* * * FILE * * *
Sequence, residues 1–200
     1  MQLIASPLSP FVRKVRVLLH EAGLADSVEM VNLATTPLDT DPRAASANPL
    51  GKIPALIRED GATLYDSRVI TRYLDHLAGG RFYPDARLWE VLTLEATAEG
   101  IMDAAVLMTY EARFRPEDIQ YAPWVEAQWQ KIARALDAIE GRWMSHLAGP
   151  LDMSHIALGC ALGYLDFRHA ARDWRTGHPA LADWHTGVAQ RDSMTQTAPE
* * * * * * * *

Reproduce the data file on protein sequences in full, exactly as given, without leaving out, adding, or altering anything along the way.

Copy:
Sequence, residues 1–200
     1  MQLIASPLSP FVRKVRVLLH EAGLADSVEM VNLATTPLDT DPRAASANPL
    51  GKIPALIRED GATLYDSRVI TRYLDHLAGG RFYPDARLWE VLTLEATAEG
   101  IMDAAVLMTY EARFRPEDIQ YAPWVEAQWQ KIARALDAIE GRWMSHLAGP
   151  LDMSHIALGC ALGYLDFRHA ARDWRTGHPA LADWHTGVAQ RDSMTQTAPE